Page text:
The Dragon Who Couldn’t Fly

 

They were domesticated dragons, not accustomed to the fighting pits.  The behaviour of the Tritarian command, in consideration  of the best way to get rid of this little band of unfortunates, influenced the bloodlust that happened next.  She heard the shrieks, sounds more terrible than one could imagine, that came from the beasts, and it had a curious effect upon her.  It was the kind of cruelty that summoned up old memories, and her head throbbed as if it lacked the proper amount of oxygen.  She hunkered head down, hood up, militant tactic movements that led her closer, remaining stealth within this hoard of penal colony spectators. The creatures were huddled together in the pit, blistered skin, torn limbs, dead eyes.  She could not tear away from the sight, even as the heavy echoing of steps diminished around her.  Someone grabbed her shoulder, but her vision was blurred and her emotions electrified.  She swung around, knife in hand.  The blade’s impact was the stomach of the guard who’d been in the wrong place at the wrong time.  The knife fell with a clatter to the floor.  She had never killed anyone before, but oddly didn’t feel a distaste for it.  

There was movement in the pit among the dead.  A wounded misshapened wing, brittle and blood crusted, rose above the carnage.  She jumped into the pit and tried to move what felt like hot embers, each dragon carcass added a new scorch to her hands, burned through her clothes to her skin.  It’s rubber-like flesh twisted around her to pull itself free.  

“Young fighter, pull.  Pull hard,” she said, teeth gritted, legs trembling as she held her ground.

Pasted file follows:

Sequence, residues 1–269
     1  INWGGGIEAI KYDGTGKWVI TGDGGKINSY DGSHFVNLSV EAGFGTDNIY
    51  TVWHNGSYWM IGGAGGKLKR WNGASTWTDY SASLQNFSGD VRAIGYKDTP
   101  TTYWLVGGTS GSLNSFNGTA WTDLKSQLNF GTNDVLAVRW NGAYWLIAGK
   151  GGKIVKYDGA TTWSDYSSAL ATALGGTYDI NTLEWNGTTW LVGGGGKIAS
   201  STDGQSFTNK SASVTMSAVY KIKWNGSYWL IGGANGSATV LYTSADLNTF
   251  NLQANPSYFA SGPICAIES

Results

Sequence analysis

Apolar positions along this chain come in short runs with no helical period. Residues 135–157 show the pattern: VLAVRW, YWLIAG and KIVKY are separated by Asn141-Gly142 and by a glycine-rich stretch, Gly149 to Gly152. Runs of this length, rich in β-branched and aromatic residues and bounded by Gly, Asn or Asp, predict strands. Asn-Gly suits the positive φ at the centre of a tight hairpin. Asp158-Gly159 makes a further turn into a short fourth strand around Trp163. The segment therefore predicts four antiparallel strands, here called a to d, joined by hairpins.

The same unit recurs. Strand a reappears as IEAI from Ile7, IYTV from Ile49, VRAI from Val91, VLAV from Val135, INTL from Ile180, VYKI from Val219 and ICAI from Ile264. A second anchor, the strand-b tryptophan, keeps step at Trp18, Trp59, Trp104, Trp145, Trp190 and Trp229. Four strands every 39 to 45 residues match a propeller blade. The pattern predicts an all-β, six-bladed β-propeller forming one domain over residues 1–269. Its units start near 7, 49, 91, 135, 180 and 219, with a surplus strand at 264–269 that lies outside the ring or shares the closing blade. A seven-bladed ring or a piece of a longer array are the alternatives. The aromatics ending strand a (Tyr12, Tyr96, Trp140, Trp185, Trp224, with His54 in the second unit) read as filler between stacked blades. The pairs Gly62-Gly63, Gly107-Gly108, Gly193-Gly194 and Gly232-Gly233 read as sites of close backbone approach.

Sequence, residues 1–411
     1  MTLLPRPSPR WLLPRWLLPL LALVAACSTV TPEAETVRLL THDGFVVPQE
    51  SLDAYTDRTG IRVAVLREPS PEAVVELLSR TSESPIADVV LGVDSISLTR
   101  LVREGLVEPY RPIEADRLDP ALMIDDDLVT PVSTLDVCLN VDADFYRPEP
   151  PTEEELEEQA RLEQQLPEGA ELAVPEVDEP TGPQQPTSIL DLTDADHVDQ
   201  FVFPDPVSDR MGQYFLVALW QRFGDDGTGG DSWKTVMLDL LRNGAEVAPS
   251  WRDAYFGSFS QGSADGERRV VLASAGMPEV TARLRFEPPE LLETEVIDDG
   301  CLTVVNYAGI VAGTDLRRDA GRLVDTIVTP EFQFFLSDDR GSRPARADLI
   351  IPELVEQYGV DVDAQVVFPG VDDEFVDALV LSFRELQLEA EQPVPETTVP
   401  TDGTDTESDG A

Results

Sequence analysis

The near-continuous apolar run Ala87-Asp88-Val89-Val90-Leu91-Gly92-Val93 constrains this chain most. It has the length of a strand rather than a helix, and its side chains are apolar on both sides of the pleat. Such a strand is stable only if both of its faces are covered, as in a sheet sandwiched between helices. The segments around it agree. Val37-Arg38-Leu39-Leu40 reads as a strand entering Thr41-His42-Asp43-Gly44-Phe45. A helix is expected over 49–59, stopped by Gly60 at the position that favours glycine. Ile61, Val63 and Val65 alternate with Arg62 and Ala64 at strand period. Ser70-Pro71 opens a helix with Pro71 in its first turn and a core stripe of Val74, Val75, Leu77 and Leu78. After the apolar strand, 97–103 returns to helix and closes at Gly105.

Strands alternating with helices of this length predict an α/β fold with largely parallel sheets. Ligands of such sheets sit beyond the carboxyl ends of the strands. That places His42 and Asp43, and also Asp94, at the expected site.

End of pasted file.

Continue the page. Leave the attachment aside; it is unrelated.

They had remained unseen as she crept, slowed by the weight of the injured creature, through a series of passages that led to a stone staircase and into the tower. Once there, her pale blue eyes settled into the red of the dragon’s, and she spoke to it in a reverent tone.

 

“My name is Selena.  I am the youngest land born and the last of my kinship.  In my tenderest years, I witnessed my mother and sisters murdered.  It was something which I was too young to avenge but old enough to hold locked in memory.  I’m telling you this because an understanding must be forged between us.  I think you understand such loss.”  

 

It sniffed and blew smoke at her.  She sensed the strength of its personality and did not know which way this night would end.  Selena leaned against the glass stained with the spirits of the dead and felt it’s claws retract as it stroked her leg.

 

When the landscape shaded to the color of old bruises, they departed.  Her smile bloomed.  She had been hardened by circumstances but not entirely to stone.  Selena had kept one piece of her heart free. The meteor dust swirled around them in the incessant wind, dispersing their tracks.  They had adopted each other, this dragon who could not fly and the penal colony girl.   

 

National Passport

Processing Center

Post Office Box 90155

Philadelphia, PA 19190-0155